Magnesium is a nutrient that is vital for human functioning. Magnesium is known for over 300 biochemical processes in the body. Magnesium is a nutrient that can help with cellular function and protein synthesis. Magnesium assists with muscle and nerve function and is beneficial with blood sugar and blood pressure control. Magnesium is known as the “relaxation” mineral. If you feel tightness, stiffness, pain, irritability from physical to mood, think magnesium deficiency. Below are signs and symptoms associated with magnesium deficiency.
Symptoms of Magnesium Deficiency
• Muscle cramps or twitches
• Muscle pain, tightness
• Anal spasms
• Chronic fatigue
• Kidney stones
• Trouble swallowing
• High blood pressure
• Menstrual cramps
• Irritable bladder
• Irritable bowel syndrome
• Insulin resistance
Reason for Magnesium Deficiency
Magnesium deficiency is common because of our current farming practice with topsoil erosion that decreases magnesium in our foods. A reliance on processed foods decreases intake of magnesium. An intake of alcohol and sodas actually deplete magnesium in our body. Poor gut health affects digestion and absorption of magnesium.
A myriad of vitamins and minerals are needed to aid the absorption and utilization of magnesium, such as Vitamin B6, selenium and Vitamin D. A high dose intake of Vitamin D supplement is a catch-22 and can develop a magnesium deficiency. Many of us are deficient in Vitamin D and need magnesium to convert vitamin D into its final and useful form in the body. Other reasons for magnesium deficiency are calcium supplementation (competition in absorption), high sugar intake, strenuous exercise, heavy menses, medications (diuretics, antacids, PPIs) and high stress lives.
Magnesium deficiency is hard to assess through traditional lab blood best. Magnesium is predominantly found in cells and bones. A serum blood test is available but does not account for the cellular magnesium levels. A more accurate test is a RBC (red blood cell) magnesium test that measures the level of magnesium in red blood cells.
Magnesium is found in many foods, from vegetables, fruits, fiber rich whole grains, legumes and nuts and seeds. In today's society, people are not reaching the recommended dietary intake of magnesium of 400-420mg for men and 310-320mg for women.
Listed below are magnesium-rich foods. The overall message is to eat a diverse, whole food diet to maximize intake of nutrient-dense foods.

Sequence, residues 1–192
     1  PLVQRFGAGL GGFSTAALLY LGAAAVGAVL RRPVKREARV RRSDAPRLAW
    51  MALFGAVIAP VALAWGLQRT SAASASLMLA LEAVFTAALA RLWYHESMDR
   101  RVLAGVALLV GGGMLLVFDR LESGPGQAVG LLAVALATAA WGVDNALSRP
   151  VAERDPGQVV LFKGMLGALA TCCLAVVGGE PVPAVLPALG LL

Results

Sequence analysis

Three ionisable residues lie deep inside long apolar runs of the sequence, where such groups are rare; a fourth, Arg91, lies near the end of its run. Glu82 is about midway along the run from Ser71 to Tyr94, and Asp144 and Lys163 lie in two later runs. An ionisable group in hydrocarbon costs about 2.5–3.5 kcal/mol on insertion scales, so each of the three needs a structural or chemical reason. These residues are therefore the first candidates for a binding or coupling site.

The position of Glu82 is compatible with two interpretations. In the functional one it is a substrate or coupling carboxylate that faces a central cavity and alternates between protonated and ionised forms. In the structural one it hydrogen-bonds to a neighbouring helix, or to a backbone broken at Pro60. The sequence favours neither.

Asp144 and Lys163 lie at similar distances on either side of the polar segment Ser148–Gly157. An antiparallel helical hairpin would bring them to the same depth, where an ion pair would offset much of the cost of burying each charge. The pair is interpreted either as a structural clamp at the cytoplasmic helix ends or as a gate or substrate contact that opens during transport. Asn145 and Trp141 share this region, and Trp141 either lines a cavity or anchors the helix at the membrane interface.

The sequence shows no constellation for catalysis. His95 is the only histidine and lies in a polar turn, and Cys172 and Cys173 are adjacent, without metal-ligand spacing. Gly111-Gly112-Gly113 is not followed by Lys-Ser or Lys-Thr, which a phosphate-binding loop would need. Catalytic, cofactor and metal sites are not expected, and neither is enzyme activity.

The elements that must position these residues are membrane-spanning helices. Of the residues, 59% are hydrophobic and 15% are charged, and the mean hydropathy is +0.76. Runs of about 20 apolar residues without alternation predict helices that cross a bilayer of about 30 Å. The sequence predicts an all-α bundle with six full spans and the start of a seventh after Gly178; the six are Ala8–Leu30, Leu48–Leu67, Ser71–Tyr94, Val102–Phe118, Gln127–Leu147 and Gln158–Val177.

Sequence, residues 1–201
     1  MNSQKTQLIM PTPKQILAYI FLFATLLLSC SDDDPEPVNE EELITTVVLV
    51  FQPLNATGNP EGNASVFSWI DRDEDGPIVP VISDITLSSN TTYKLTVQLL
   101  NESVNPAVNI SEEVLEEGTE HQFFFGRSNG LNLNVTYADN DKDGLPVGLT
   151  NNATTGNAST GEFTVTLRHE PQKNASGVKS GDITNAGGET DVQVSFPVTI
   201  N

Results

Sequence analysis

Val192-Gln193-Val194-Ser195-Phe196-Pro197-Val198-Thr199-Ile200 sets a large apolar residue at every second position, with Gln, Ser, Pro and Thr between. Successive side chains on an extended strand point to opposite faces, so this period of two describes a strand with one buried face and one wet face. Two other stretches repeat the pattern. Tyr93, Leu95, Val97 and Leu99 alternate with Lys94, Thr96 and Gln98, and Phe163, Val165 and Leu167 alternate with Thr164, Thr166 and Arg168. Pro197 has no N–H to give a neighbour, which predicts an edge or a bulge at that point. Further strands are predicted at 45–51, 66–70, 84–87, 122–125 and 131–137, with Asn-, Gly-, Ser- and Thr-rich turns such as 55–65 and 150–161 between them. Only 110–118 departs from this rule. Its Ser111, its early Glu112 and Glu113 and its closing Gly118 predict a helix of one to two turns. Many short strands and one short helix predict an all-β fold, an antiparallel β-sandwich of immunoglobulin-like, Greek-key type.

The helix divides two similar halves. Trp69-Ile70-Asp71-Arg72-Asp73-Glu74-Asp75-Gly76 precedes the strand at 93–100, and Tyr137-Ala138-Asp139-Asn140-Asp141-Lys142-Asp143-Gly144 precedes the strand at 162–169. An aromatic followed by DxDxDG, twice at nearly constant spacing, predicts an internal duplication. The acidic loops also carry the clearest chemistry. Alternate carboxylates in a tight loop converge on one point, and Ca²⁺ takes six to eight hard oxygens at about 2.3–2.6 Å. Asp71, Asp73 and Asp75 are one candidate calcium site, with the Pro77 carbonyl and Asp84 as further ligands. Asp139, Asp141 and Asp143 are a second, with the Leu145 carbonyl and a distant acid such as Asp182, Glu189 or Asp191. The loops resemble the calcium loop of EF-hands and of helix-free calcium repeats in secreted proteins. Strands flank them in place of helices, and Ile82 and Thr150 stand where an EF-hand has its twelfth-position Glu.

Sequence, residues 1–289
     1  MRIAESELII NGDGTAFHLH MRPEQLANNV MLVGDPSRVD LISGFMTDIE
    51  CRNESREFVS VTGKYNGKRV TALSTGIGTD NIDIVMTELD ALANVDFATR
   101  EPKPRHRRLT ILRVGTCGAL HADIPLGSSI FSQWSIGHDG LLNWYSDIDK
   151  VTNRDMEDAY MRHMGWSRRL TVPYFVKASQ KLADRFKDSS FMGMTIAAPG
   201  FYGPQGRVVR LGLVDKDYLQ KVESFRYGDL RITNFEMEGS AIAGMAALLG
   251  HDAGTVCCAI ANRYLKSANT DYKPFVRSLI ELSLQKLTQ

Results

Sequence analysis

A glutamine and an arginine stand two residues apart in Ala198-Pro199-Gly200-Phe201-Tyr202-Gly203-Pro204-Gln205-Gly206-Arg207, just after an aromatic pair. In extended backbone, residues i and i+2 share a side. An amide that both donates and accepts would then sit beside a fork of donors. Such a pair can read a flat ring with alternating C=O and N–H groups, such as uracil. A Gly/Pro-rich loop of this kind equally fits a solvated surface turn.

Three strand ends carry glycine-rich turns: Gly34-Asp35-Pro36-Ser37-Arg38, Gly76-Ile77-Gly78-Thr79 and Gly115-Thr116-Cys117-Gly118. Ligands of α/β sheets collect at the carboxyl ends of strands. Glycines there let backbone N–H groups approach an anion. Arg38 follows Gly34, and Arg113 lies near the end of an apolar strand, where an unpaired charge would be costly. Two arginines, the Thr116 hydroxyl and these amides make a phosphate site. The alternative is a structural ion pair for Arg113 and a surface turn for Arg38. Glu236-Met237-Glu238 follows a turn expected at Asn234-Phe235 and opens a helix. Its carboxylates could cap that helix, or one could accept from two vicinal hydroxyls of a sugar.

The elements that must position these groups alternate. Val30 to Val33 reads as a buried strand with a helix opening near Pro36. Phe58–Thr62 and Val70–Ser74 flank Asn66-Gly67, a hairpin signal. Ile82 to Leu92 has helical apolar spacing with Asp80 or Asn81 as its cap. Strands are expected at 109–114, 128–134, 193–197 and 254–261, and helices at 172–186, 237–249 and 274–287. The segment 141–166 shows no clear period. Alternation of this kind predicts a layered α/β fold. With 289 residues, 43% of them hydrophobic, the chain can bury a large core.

Nuts and Seeds
Fiber-rich whole grains
Dark Chocolate Green leafy vegetables Avocado Yogurt
Stop Draining Your Body of Magnesium
• Limit coffee, colas, salt, sugar, and alcohol
• Learn how to practice active relaxation
• Ask your doctor if your medication causes magnesium loss (many hypertension or diuretic drugs can cause this)
Not all forms of magnesium supplements are created equal. Depending on the symptom or concern, then one magnesium supplement would be better than another. One thing to note is that the most absorbable forms are magnesium citrate, glycinate, malate, or taurate. Avoid magnesium carbonate, sulfate, gluconate, and oxide. These magnesium formulations are poorly absorbed (and are the cheapest and most common forms found in supplements). A common side effect from too much magnesium includes diarrhea (often avoided if you switch to magnesium glycinate. Most minerals are best taken as a team with other minerals in a multi-mineral formula. Another effective way to obtain magnesium is through Epsom salt baths (magnesium sulfate) without GI effects. A consideration is for people with kidney disease or severe heart disease should take magnesium only under a doctor's supervision. Lastly, starting a supplement would be advised to discuss with your primary care physician.
Magnesium is a mineral that has many wonderful functions in the body. Eating a variety of nutritious whole foods is beneficial in obtaining the vitamins and minerals needed for daily functioning.
Remember to maximize nutrition over crap food.
Prioritize rest, mindfulness, and joy.